The Social Court annulled the contested contribution notices. Recourse against the plaintiff under section 130 (2) of the Seventh Book of the Social Code - Accident Insurance - (SGB VII) was not possible because the provision only covers cases in which a foreign undertaking has no registered office in Germany at all. A place of business would be located in Germany would if there were a permanent establishment in the country under the responsible management of the entrepreneur. According to the intent of the provision, recourse against an authorised representative would not then be necessary because the branch would be person who could be reached by the accident insurance institution. The Federal Social Court reversed the judgement of the Regional Social Court and referred the case back to that court for a new hearing and decision. As such he is liable in accordance with section 150 (2), second sentence in conjunction with section 130 (2), second sentence SGB VII with the entrepreneur as joint debtor for her (contribution) obligation and could be claimed as such. As a managing director with sole power of representation, he was an authorised representative within the meaning of section 130 (2), first sentence SGB VII. Nor did LHW Limited have a domestic registered office. According to both the articles of association and the foundation theory of the ECJ, LHW Limited continues to have its registered office in Great Britain. The rulings of the European Court of Justice (ECJ) on the foundation theory have provided that the basic idea is that if an EU national lawfully establishes a limited liability company in one Member State, but the company’s business activity then takes place exclusively in another Member State, the law of the founding State applies to the company. The plaintiff cannot establish a company under foreign law cherry-picking amongst his options, pursue business activities exclusively in Germany and nevertheless want to be treated as a domestic company. Moreover, in the case of foreign companies which are less solvent due to a lack of minimum capitalisation, there is a need to appoint an authorised representative jointly and severally liable under section 130 (2) of the Second Book of the Social Code (SGB VII). In particular, section 130 (2), third sentence SGB VII, which states that the place of the domestic permanent establishment is the registered office, also speaks in favour of a definition based on legal aspects. Such a fiction would not be necessary if the mere existence of a branch would establish a domestic registered office without need to look further. Finally, pursuant to sections 13d et seq. of the German Commercial Code (HGB), a branch would be registered for foreign companies within the scope of application of the HGB without any change in the registered office.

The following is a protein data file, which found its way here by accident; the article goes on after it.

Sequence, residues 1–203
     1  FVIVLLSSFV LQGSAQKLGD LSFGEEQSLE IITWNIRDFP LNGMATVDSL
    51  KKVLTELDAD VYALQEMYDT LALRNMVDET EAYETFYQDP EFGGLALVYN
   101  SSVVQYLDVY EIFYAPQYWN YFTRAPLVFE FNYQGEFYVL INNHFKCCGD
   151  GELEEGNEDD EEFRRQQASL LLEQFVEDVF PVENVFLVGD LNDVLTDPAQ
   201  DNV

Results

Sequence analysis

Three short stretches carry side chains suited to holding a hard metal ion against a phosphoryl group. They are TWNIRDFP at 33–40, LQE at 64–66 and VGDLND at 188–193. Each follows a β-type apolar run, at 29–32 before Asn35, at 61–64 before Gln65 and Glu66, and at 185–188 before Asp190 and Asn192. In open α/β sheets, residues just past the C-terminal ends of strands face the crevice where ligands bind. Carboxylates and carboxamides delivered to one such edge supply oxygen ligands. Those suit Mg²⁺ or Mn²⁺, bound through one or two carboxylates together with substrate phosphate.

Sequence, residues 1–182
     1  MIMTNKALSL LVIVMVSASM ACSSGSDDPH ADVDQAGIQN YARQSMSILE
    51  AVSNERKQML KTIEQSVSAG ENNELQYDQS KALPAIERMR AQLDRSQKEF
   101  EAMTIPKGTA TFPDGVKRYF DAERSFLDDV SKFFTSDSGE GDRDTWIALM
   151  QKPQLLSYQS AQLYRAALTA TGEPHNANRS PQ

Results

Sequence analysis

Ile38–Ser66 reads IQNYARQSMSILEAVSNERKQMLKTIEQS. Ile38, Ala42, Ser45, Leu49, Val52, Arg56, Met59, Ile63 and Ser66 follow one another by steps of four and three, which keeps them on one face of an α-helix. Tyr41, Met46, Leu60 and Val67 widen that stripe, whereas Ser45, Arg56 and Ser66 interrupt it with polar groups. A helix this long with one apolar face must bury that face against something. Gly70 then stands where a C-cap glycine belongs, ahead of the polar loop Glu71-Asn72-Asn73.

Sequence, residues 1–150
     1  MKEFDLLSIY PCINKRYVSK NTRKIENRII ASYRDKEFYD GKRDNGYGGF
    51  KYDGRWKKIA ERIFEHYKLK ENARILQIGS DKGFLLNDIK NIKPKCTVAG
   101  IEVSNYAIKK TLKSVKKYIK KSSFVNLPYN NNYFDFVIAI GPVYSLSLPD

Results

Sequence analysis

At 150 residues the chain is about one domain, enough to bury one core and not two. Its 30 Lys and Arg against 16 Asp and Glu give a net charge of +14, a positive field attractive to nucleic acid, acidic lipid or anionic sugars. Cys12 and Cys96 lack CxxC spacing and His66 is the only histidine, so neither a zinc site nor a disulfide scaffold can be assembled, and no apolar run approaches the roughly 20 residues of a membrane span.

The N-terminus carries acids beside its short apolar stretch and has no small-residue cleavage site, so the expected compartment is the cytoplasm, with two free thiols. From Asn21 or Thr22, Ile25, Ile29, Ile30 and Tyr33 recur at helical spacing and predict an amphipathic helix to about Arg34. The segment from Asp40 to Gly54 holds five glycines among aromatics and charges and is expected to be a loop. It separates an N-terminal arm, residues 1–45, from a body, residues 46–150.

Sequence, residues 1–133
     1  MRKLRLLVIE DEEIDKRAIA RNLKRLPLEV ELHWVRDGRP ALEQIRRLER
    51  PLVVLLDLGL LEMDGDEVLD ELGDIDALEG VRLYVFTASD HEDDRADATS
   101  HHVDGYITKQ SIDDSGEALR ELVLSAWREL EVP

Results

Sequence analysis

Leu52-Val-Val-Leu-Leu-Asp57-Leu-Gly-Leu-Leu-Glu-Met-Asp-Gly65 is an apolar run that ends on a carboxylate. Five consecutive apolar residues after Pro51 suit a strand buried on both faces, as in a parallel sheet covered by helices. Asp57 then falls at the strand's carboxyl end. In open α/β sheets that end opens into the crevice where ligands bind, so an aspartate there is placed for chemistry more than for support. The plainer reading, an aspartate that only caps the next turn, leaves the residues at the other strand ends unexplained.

The Federal Social Court has quashed the judgement of the Higher Social Court. It is true that at the time of the last administrative decision the applicable requirements under section 130 (2) in conjunction with section 150 (2), second sentence SGB VII had been satisfied. However, the defendant failed to exercise the discretion granted to it in the selection of the debtor.